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East Kootenay events for Indigenous Peoples Day

Events in Invermere, Cranbrook and Roosville

June 21 is National Indigenous People’s Day. On this day all Canadians recognize and celebrate the unique heritage, diverse cultures and outstanding contributions of First Nations, Inuit and Metis peoples.

According to the government of Canada, June 21 is the chosen day because many Indigenous groups and communities have celebrated their culture and heritage around the time of the summer solstice.

  • in 1982, the National Indian Brotherhood, now the Assembly of First Nations, called for the creation of National Aboriginal Solidarity Day
  • in 1995, the Sacred Assembly, a national conference of Indigenous and non-Indigenous people chaired by Elijah Harper, called for a national holiday to celebrate the contributions of Indigenous Peoples
  • also in 1995, the Royal Commission on Aboriginal Peoples recommended the designation of a National First Peoples Day

On June 21, 2017, the Prime Minister issued a statement announcing the intention to rename this day National Indigenous Peoples Day.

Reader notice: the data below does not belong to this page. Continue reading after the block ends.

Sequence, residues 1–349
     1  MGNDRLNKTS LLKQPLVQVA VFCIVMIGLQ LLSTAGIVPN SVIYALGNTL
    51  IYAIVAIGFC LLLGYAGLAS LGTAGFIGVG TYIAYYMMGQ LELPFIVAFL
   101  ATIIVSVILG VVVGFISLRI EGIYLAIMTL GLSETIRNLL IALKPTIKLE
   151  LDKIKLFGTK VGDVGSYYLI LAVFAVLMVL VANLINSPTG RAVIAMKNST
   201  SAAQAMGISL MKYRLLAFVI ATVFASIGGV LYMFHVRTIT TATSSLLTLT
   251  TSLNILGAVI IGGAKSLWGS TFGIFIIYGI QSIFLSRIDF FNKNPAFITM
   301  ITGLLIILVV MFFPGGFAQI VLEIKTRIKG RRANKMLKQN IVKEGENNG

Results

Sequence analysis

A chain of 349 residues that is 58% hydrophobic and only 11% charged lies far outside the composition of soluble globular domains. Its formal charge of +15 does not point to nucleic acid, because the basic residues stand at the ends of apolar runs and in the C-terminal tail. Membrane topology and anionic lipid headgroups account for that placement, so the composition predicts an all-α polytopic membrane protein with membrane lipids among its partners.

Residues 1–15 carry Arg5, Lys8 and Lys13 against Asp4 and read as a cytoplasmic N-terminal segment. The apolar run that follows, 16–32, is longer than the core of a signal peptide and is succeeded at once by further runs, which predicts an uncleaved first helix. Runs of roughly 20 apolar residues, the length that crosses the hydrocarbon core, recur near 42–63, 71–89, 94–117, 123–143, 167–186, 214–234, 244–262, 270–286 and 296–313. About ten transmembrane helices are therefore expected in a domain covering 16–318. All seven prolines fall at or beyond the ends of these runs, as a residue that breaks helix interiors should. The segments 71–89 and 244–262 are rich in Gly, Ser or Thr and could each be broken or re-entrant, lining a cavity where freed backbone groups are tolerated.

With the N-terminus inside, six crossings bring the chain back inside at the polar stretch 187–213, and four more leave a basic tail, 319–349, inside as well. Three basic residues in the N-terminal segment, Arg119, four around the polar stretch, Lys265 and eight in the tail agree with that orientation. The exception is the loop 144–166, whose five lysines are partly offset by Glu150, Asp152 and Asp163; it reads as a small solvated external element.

Events are held across Canada for National Indigenous Peoples Day and there are three planned for the East Kootenay.

On June 20 in Cranbrook the Ktunaxa Kinbasket Child and Family Services Society National Indigenous Peoples Day will be held. This is a celebration of Indigenous culture and Indigenous youth.It will be held at Rotary Park in Cranbrook from 12:30 p.m. to 6:30 p.m. There will be a barbecue lunch, face painting, sharing of a legend, dancing, jigging and drumming and door prizes. Everyone is welcome.

Also on June 20, from 11 a.m. to 3 p.m. at James Chabot Park in Invermere join the Shuswap Band for dancers, drumming, Indigenous craft vendors, a barbecue, activities and games.

On June 21, it’s the annual Yaq’it ?a-knuqli’it Border Walk to bring awareness that the border divides Indigenous families. There will be dance demonstrations, drum circle, games and a performance by George Canyon. Meet at the Roosville border at 9:30 a.m. The walk begins at 10 a.m. with lunch and celebration to follow.

“If we don’t have language and we don’t have culture, our own culture, then who are we? We become mainstream assimilated people” Julie Birdstone told the Townsman at the 2023 celebration.

“There was a lot of services where we couldn’t go into. In fact, it wasn’t until the 1960s that we were actually considered citizens of Canada and we were allowed to vote,” she said. “I remember my grandparents, when it was time to go and vote, they would dress up in their best clothes. That’s how much it meant to them.”

“It’s our responsibility to share our culture and to build our children up so that they’re standing here in 20 years.”

“We don’t just celebrate today. We celebrate every day.”





Carolyn Grant

About the Author: Carolyn Grant

I have been with the Kimberley Bulletin since 2001 and have enjoyed every moment of it.
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